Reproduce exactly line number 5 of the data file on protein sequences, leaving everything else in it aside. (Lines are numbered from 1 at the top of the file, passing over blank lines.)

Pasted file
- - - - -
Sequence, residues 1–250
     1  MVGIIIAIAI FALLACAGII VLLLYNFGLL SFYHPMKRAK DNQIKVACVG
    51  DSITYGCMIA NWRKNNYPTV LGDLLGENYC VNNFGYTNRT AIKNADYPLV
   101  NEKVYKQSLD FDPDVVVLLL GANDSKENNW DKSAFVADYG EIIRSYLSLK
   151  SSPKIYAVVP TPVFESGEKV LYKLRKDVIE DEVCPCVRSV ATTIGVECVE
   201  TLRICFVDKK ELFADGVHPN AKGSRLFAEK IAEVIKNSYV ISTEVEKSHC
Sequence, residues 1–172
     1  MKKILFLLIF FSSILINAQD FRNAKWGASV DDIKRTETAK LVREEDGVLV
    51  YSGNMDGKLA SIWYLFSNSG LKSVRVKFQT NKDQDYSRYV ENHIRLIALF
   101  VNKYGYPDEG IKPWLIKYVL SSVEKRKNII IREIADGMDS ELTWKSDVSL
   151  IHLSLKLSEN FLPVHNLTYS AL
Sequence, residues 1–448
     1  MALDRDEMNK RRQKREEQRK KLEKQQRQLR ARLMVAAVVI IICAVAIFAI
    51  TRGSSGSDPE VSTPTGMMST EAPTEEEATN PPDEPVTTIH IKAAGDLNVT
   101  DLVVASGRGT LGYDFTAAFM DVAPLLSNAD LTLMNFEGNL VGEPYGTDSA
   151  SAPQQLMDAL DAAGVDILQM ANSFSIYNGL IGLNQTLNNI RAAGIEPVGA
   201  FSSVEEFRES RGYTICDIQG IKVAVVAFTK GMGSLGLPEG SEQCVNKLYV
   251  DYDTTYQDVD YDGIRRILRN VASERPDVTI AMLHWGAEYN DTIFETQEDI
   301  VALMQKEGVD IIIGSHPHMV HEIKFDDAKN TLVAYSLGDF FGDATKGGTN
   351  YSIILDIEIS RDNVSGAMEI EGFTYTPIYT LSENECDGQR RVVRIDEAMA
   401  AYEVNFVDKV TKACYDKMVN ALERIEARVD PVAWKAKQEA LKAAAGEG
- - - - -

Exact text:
   151  SSPKIYAVVP TPVFESGEKV LYKLRKDVIE DEVCPCVRSV ATTIGVECVE